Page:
Roof: Moss Sedum vegetation on inverted flat roof system, solid zinc edge detail

Finishing of wall inside and outside: amphisilan plaster coat, silicate paint

Glass and windows: Anodized aluminum sash, low iron glass

Heating system: Heat pump with return air heat recycling, waterborn floor heating throughout

Floors: Steel throwelled concrete topping slab treated with silicate sealant

Solid spruce floor, treated with pigmented lye and natural soap

Stairs and railings: steel, expanded metal mesh

Kitchen Saari/pinjasto

Posted on Monday January 18th 2010 at 3:35 pm by Chris Barnes. Copyright policy | Comments policy

  • Doug

    Everyone has become so used to their dogma of context they can no longer see. Great project and I love the contrast. Stop living in the past.

  • kai

    Far too industrial for my liking.

  • mb

    Great contrast, it works very well.

  • Did anyone spot the door to the toilet???
    I can’t figure it out where it is and it does look hidden to me but simply does not exist.
    Gosh, imaging being a guest in this house….

  • silverspurr

    if i live over that street.. i hope its in the white house

  • SillyBug

    This will seem unrelated, but I really wonder why that spot was empty for the last 50 years.

    Afterall the white house can exist there because that spot was already empty, right? Could it have been built had there been a recent demolition? If yes, then the region is not so historic(al, whatever) and so there is no point in fretting about change here, because change there will be. If the answer to the question is no, and the house’s existence is only a matter of opportunity, then there is no need to worry, as this incident will not repeat, and the neighborhood will stay the same as long as the current regulations are in effect.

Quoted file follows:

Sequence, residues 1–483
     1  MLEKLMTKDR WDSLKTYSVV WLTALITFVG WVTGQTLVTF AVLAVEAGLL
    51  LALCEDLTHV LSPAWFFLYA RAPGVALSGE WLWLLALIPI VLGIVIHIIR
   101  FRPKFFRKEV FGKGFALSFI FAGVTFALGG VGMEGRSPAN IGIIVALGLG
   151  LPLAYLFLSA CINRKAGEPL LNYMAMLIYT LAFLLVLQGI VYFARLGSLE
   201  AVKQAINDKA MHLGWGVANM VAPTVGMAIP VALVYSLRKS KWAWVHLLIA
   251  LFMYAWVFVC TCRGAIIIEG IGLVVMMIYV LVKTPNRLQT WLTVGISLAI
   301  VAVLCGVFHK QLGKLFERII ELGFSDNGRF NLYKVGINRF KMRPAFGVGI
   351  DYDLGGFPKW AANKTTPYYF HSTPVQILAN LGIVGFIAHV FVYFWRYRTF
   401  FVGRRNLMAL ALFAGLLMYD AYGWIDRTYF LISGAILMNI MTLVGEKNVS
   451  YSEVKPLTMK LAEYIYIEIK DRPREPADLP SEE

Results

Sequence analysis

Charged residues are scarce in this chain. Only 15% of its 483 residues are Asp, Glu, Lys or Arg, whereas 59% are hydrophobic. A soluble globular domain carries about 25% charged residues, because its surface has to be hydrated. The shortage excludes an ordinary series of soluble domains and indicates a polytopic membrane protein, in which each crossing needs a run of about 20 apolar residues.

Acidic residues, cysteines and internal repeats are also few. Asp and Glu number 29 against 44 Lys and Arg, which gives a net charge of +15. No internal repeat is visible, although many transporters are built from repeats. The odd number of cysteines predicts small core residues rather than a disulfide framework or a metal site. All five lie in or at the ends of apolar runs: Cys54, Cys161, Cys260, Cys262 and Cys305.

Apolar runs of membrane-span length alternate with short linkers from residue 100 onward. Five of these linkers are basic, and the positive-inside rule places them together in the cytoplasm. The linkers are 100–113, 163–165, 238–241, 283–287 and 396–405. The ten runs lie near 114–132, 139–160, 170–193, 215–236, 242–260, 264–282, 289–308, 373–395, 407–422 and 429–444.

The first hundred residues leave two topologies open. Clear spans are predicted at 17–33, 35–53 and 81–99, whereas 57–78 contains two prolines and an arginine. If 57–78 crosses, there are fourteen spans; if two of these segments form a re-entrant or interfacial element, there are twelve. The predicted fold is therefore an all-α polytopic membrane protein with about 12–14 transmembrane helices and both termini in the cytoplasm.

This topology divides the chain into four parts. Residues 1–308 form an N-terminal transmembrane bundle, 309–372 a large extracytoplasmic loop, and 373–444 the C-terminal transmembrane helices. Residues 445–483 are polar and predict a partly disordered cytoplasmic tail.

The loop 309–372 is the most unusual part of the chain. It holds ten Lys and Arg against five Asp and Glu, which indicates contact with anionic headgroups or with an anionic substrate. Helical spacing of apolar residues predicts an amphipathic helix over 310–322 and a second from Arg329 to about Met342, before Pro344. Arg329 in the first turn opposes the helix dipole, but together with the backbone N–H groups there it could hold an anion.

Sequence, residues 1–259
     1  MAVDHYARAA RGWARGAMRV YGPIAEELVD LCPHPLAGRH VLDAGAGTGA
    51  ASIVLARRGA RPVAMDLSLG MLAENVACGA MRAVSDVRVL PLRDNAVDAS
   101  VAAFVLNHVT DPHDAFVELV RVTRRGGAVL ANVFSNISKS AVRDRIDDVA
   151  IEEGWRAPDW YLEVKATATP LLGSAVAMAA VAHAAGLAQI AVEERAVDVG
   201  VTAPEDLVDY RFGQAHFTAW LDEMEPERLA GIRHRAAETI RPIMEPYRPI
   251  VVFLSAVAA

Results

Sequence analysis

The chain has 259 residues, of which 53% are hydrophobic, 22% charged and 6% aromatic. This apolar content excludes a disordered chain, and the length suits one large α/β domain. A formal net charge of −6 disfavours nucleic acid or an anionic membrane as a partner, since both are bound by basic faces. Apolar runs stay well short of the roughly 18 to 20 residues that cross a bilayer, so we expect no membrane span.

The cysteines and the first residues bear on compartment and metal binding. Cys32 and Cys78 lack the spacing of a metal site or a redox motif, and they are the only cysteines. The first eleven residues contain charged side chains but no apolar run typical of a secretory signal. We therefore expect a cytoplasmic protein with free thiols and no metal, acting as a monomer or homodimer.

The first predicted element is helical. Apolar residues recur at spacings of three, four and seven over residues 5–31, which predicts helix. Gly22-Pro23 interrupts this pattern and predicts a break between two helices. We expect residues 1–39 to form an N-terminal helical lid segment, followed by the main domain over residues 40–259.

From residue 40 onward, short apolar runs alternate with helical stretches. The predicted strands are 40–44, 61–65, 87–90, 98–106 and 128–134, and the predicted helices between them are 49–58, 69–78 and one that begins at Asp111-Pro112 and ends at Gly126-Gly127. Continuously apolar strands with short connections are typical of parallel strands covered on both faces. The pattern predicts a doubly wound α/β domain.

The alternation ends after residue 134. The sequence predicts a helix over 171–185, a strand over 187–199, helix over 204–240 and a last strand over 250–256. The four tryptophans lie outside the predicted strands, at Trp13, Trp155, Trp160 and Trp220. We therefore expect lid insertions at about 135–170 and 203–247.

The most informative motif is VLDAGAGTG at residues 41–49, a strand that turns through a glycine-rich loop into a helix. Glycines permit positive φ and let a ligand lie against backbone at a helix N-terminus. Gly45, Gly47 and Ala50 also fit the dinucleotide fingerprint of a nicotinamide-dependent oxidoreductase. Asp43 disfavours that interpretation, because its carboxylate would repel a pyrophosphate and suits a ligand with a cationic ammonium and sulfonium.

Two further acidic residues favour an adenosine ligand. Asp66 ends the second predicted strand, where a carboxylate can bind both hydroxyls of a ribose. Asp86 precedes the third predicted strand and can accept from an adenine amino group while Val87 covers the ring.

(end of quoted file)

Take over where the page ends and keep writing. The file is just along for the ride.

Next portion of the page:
I do wonder the story behind the empty spot, though.

  • awesome. i would love to live in a house like this some day.

  • morais

    nice object…wrong place…
    nice place…wrong project…
    just dont fit !!!

  • Yuka

    This house got a prize from Landskrona city!

  • dealing

    I thought that's in Japan in the first place…ahwell

  • inja

    like the outside courtyard very much~!!! beautiful! beautiful! nice~!

  • Dorven Dorta Jr.

    It needs a white tree.

  • DRG

    First law of architecture is that the building has to fit into its environment and respect its surroundings.

  • Chrigid

    Beautiful house, beautiful use of space and light on a not particularly attractive street.

  • Michael

    Just saw this in reality as I happened to drive past it and I think it works really well. The street and immediate area (an urban centre) has a huge variety of building types, heights and styles and this seems to fit in well.

    And by the way, there’s nothing very medieval about the street or the town! Why are people so quick to criticize despite knowing the limitations of a photograph?!

  • Architect

    The whole list of engineers follows. Structural engineer: Christian Hoffman at Konkret. Mechanical engineer: Andreas Gahm at Värmex. Electrical engineer: Robert Johansson at ÅF. Fire consultant: Krister Carlens at Brandgruppen.

  • martini-girl

    I don’t care how beautiful this house is – it’s completely disrespectful to its environment.

    It’s an eyesore.

  • Anders Söderberg

    I can only agree with Leonardo Ximenes further down.

  • meteque

    Well, to spend 280,000 Euros in re-construction for living in Landskrona is more than just doing so “because I can”. Inappropriate by some sour puritan standards perhaps.